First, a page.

Followers of ARPN are well aware that we have been calling out policy makers and other stakeholders for their inaction when it comes to working towards the development of a coherent, forward-looking and comprehensive mineral resource strategy – and we frequently point to missed opportunities to work towards this goal.
While we stand by our criticism, there have also been some positive developments in recent years, largely brought about by the ongoing revolution in materials science, and over the next few weeks, we will be highlighting some of these ”Materials Science Profiles of Progress” on our blog. Call it our attempt at positive reinforcement.
The most recent development we’d like to feature in this context comes via the Critical Materials Institute (CMI), a Department of Energy research hub led by Ames National Laboratory and a team of research partners which strives ”to develop solutions across the materials lifecycle as well as reduce the impact of supply chain disruptions and price fluctuations associated with these valuable resources.”
Tied into the overall CMI effort, researchers at Lawrence Livermore National Laboratory have discovered a new method to recover Rare Earth Elements (REEs) using bioengineered bacteria.
According to the Lab’s own announcement,
”[m]any recent studies have looked at the use of biomass for adsorption of REEs. However, REE adsorption by bioengineered systems has been scarcely documented, and rarely tested with complex natural feedstocks.
But in the new research, the LLNL team recovered rare earth elements from low-grade feedstock (raw material supplied to a machine or processing plant) using engineered bacteria.”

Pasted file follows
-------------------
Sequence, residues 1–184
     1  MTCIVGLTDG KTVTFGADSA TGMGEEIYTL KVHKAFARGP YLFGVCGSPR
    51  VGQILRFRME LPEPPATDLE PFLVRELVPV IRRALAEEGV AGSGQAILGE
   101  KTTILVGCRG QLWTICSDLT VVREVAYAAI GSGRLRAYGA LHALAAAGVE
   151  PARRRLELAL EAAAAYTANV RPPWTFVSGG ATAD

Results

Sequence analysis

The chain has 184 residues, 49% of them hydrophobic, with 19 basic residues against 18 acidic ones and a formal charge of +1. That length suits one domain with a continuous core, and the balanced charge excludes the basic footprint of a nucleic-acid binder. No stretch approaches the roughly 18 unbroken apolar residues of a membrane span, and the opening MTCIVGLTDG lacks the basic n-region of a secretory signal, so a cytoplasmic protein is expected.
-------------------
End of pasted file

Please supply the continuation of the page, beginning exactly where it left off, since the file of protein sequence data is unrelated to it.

Said Yongqin Jiao, one of the team’s lead researchers:
”Non-traditional REE resources, such as mine tailings, geothermal brines and coal byproducts, are abundant and offer a potential means to diversify the REE supply chain. However, no current technology exists that is capable of economic extraction of rare earths from them, which creates a big challenge and an opportunity.
Our results demonstrate the technical and economic feasibility of coupling bioengineering with biosorption for REE extraction from low-grade feedstocks.”
ARPN followers know about the importance of Rare Earth Elements, which, while graced with obscure-sounding names — our favorite is Dysprosium, derived from the Greek dysprositos, “hard to get” — are becoming increasingly indispensable components of 21st century gadgetry and high-tech industrial applications, as well as green energy and defense applications. With the United States’ import reliance for REEs having climbed back to 100% (after a recent brief but temporary reduction) and with more than 90 percent of all global supply coming from China, the supply issue has become ever-more pressing.
While the bio-recovery effort is certainly no panacea, it represents a commendable step towards reducing our overall mineral resource dependencies – and bears testimony to the ways in which materials science is transforming the way in which we use and obtain metals and minerals.